by Yun-Han Lin
We used camphor wood branches that came from the trees on the sidewalk when it was trimmed. Fresh branches are often humid, so it is best to leave them for at least half a year. Thicker branches or trunks should be covered with white glue on the end faces so that they would not dry up and crack.
Step 1: Design
The saucers people find in shops usually come in groups of five. With the same idea for our project, we decided that it was best that we drew the design and planned out the entire process in advance, so that the end products are consistent in shape.
Step 2: Picking Materials
Tree trunks are natural materials, which often come in all kinds of shape, so it is better to choose one that is as straight as possible.
Step 3: Rounding
We started with trimming off the bark to a level where the branch was cylindrical with the intended thickness. Since the saucer was designed to be 60mm in diameter, it is better to trim it to about 61mm first, so that there was room for adjustment.
Step 4: Marking
As we had a rough shape, we used pencils to mark the dents or parts to cut the branch into pieces. I, personally, prefer to mark the part to be dented black so that I know exactly where to cut in.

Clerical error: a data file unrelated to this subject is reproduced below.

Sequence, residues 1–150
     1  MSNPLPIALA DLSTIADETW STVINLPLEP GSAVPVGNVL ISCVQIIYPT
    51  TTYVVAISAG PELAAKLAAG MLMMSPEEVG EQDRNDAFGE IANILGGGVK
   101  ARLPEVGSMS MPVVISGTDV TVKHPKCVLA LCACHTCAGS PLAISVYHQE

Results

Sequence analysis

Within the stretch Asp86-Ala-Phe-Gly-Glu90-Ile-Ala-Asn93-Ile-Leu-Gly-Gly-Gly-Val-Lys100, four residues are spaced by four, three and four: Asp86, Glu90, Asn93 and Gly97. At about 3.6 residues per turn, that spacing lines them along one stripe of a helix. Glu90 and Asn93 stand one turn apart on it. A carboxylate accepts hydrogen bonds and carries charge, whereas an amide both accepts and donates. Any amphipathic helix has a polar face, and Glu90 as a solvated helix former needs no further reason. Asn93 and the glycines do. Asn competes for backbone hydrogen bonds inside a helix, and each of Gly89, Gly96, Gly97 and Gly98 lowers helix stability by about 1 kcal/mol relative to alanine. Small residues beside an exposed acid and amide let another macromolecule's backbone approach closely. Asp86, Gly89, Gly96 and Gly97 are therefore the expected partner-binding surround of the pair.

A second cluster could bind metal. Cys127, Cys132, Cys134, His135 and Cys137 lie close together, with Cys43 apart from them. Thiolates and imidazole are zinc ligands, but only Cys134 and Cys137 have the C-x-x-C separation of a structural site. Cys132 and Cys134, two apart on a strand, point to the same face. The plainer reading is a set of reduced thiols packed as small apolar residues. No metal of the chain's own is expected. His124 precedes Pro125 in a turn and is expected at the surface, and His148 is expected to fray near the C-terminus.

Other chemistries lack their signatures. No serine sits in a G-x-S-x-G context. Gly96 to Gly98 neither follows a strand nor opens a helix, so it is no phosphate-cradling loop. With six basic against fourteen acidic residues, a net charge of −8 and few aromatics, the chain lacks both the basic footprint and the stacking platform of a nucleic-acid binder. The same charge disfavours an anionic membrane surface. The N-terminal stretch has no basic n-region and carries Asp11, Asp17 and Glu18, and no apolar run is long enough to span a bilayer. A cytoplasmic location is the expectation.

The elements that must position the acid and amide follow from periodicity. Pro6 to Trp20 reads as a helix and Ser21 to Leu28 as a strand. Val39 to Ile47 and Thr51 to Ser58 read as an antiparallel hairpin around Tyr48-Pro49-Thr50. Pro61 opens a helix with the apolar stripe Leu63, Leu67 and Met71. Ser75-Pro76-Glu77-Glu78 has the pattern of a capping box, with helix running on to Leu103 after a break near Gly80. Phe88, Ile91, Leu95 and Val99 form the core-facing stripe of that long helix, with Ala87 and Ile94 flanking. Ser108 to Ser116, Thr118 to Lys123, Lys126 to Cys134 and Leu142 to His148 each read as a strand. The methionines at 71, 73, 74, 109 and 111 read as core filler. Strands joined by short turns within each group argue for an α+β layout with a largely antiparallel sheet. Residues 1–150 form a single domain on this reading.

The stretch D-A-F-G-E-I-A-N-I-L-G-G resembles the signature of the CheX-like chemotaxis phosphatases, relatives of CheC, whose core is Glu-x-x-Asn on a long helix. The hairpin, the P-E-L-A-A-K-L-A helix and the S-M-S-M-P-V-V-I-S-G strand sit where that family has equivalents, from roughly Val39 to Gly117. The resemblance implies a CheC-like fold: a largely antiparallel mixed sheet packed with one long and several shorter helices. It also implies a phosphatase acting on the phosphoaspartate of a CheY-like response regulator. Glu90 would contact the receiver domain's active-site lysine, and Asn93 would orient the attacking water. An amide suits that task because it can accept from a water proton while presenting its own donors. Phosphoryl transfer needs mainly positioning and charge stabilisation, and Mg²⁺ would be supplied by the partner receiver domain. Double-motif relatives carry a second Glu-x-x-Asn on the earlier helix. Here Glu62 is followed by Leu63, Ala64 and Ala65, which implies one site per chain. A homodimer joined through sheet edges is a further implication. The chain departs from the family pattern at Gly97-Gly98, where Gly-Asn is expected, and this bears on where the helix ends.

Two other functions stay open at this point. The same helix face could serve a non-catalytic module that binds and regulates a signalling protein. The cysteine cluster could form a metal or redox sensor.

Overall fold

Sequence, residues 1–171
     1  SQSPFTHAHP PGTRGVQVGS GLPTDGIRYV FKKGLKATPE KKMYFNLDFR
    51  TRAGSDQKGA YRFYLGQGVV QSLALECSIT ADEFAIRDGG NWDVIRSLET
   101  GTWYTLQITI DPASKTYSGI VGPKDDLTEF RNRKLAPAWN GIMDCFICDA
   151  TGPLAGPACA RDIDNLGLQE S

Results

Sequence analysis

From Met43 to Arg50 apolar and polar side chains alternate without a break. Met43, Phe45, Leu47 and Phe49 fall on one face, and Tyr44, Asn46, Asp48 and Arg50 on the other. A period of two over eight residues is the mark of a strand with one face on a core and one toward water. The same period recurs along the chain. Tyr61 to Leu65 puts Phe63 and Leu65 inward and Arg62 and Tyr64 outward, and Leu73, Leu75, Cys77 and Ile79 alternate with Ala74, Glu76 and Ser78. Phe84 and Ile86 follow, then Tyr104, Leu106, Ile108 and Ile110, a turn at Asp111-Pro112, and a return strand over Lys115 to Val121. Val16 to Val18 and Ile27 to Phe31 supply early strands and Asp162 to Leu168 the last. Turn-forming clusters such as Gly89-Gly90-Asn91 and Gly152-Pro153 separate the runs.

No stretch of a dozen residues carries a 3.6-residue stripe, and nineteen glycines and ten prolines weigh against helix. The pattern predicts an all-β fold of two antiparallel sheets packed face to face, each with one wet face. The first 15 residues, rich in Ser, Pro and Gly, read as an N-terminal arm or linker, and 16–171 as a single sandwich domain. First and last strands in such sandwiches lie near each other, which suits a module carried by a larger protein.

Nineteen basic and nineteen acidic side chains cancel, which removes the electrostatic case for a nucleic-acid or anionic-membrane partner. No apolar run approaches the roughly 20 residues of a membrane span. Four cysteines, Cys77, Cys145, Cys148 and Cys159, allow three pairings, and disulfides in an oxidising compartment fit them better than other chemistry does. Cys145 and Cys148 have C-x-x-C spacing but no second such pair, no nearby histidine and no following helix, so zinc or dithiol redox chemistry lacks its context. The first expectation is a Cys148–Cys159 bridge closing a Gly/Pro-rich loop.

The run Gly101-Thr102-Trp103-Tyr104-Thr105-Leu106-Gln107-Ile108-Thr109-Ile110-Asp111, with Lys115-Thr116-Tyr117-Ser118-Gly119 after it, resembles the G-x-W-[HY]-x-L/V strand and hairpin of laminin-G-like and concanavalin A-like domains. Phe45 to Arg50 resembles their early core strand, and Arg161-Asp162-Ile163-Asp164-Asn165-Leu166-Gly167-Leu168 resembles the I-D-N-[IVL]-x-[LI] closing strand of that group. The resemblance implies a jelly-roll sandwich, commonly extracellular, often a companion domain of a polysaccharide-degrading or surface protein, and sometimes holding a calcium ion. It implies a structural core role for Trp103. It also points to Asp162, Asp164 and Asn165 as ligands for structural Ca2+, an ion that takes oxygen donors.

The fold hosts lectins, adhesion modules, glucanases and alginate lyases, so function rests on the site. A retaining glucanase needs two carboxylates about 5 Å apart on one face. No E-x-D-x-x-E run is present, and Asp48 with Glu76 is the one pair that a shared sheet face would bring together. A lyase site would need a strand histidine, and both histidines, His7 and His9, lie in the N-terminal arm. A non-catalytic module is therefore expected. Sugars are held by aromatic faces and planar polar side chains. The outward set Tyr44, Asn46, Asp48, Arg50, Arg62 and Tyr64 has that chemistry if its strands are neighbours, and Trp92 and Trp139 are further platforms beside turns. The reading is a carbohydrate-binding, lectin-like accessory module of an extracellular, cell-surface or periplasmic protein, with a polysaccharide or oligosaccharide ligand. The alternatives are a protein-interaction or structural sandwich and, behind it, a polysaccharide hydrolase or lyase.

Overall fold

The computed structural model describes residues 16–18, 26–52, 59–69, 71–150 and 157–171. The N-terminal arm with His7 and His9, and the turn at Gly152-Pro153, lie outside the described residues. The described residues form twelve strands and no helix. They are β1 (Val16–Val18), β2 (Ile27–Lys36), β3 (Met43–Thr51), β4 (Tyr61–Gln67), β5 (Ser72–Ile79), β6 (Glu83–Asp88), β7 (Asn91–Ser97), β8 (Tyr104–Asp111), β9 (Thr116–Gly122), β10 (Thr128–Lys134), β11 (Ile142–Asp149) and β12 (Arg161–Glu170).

Step 5: Adjustment & Sawing
The part in the diameter of 45mm served as the base for fixing on the lathe, and the size should be able to fit in the fixture. When I first learned to use the lathe, I often trimmed the base too thin by accident. Because of this, the fixture was not able to hold it, and there was no way to trim the sloping side for the saucer with that.
The gray part was the part on both ends that were to be discarded. Besides, the both ends were too close to the fixture, which made it hard for trimming.
After trimming, the rough base could be cut apart with the saucer. I prefer to rotate the saucer on the lathe while sawing the base thin before the base is cut off.
Next, there were separate saucers in a rough shape, and the next step was to trim them one by one for details.
Step 6: Fine-tuning
Left: Fix the saucer on the lathe with a fixture. The good news is that it could be fixed from simply one side, which makes it easy to hollow the bowls.
Middle: Use tools with right angles or straight lines to make sure the prototype fits the design, before you round the right angles. It is easier this way to ensure the end products are consistent in shape. Do not forget to leave 1mm on each side, in case for any adjustment.
Right: Trim the curves and fine-tune surfaces inch by inch.
Step 7: Final Adjustment
1st from the left: Smooth the surface with white sandpaper that comes in 120, 240, and 320 grit respectively. After this, the sawdust can be used to polish the surface.
2nd from the left: Cut off the sauce piece.
1st and 2nd from the right: The sawn section can be smoothed to adjust the height of the pieces.
Although it looks easy to operate a lathe, as videos on YouTube often show experienced carpenters operating lathes with ease. The truth is that many tips are often not shown or explained in detail. Due to insufficient experience, I often spend quite some time planning before I start working on a project. It is hoped that by recording and sharing our thinking process, design drawings, and flowcharts for each use of lathe, beginners can familiarize themselves with such a tool easier and faster.